Ages 3-5 years
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Speech is the ability to produce the sounds that form words. Language is the words that your child understands and uses as well as how they uses them.
Stages of speech and language development
In their fourth year, your child might:
- begin to use more complex sentences that include words like ‘because’, ‘so’, ‘if’ and ‘when’ – for example, ‘I don’t like that because it’s yucky’
- be able to name basic emotions like ‘happy’, ‘sad’ and ‘angry’
- know one or more colours
- be able to use contrasting concepts like ‘longer’ and ‘bigger’.
By five years, your child might:
- begin to use many different sentence types – for example, they’ll be able to say both ‘The dog was chasing the cat’ and ‘The cat was chased by the dog’
- be able to use long sentences – for example, nine words
- talk about things that have happened in the past or will happen in the future, rather than just things that are happening right now
- use words to explain things going on in their brain, like ‘don’t know’ and ‘remember’
- use words that explain where things are, like ‘between’, ‘above’, ‘below’ and ‘top’.
Understanding and language development
Your child will understand instructions that have more than two steps, as long as they’re about familiar things – for example, ‘Turn off the TV, put on your pyjamas and get into bed’ or ‘When I open the gate, take my hand, then we’ll walk down to the corner’.
When your child doesn’t understand what you say, they might ask you to explain or ask you what specific words mean.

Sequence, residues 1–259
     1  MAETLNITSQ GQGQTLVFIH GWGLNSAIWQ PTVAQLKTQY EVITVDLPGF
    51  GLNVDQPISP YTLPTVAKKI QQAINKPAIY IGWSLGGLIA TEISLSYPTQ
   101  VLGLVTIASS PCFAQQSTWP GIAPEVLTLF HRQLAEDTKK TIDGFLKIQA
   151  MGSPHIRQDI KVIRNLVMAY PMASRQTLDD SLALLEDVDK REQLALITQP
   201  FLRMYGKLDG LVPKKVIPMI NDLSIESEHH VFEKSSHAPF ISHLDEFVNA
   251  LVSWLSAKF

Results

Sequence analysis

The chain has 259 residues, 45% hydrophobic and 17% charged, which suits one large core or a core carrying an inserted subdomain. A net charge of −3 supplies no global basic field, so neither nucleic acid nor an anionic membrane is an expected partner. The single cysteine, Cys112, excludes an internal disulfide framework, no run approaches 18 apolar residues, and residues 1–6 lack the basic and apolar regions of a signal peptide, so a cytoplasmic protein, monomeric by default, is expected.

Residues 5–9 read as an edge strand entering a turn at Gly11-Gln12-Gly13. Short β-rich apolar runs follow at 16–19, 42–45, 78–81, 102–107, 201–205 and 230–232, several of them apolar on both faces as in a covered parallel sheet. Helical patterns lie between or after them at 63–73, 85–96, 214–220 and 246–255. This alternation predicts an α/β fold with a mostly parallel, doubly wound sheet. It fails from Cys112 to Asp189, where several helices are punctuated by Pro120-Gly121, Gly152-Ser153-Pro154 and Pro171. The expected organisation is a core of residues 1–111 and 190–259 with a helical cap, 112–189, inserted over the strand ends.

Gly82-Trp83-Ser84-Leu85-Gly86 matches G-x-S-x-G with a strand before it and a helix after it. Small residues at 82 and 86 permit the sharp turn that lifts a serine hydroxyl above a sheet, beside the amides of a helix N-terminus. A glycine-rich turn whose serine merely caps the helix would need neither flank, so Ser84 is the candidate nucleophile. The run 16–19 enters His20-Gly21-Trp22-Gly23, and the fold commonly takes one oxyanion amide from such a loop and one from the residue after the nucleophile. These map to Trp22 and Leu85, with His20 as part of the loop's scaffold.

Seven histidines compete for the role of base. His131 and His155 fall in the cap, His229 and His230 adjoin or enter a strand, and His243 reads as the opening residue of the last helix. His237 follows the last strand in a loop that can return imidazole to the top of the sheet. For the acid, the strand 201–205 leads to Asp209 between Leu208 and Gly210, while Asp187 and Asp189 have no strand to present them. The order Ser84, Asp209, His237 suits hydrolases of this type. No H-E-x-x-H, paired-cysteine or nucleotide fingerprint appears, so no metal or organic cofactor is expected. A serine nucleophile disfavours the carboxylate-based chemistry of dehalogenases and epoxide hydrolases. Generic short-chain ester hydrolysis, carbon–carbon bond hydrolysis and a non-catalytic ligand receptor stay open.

Play, communication and language development
Your child will begin to use language to tease and tell jokes. They might laugh at silly or made-up words. And at this age, your child will begin to use language in role play. For example, they can pretend to be ‘mummy’ and copy their mother’s tone and words.
By now, your child will be able to do some simple negotiation with other children. For example, they’ll be able to talk about who can play with a toy first. Their requests might also be less direct and obvious. For example, they might say, ‘That smells good!’ when they wants something to eat.
Ideas to help your preschooler’s speech and language development
The best way to encourage your child’s language skills is to focus on fun activities, rather than getting pronunciation or grammar right. Here are some ideas:
- When you talk with your child, respond to your child’s interests. If your preschooler is interested a cat they sees on the footpath, take a moment to talk about it.
- Read aloud together. You could also try taking your child to story time at your local library where they can listen to stories being read.
- Tell stories together: your child will enjoy hearing stories. They’ll also like remembering and telling you simple stories. Leaving out words in stories and asking your preschooler to fill in the words is fun too.
- Sing songs together.
- Play stories and songs in the car.
- Tell simple jokes and riddles. Preschoolers usually enjoy simple word games like finding rhyming words and even making up words.
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